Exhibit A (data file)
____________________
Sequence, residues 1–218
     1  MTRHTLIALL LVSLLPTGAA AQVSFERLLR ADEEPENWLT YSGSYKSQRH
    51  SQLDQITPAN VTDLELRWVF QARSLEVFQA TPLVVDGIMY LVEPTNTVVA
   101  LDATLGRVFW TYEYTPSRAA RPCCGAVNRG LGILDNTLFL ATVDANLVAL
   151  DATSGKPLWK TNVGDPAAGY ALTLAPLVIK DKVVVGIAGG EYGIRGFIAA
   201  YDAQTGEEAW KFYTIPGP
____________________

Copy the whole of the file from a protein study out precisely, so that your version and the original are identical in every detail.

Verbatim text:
Sequence, residues 1–218
     1  MTRHTLIALL LVSLLPTGAA AQVSFERLLR ADEEPENWLT YSGSYKSQRH
    51  SQLDQITPAN VTDLELRWVF QARSLEVFQA TPLVVDGIMY LVEPTNTVVA
   101  LDATLGRVFW TYEYTPSRAA RPCCGAVNRG LGILDNTLFL ATVDANLVAL
   151  DATSGKPLWK TNVGDPAAGY ALTLAPLVIK DKVVVGIAGG EYGIRGFIAA
   201  YDAQTGEEAW KFYTIPGP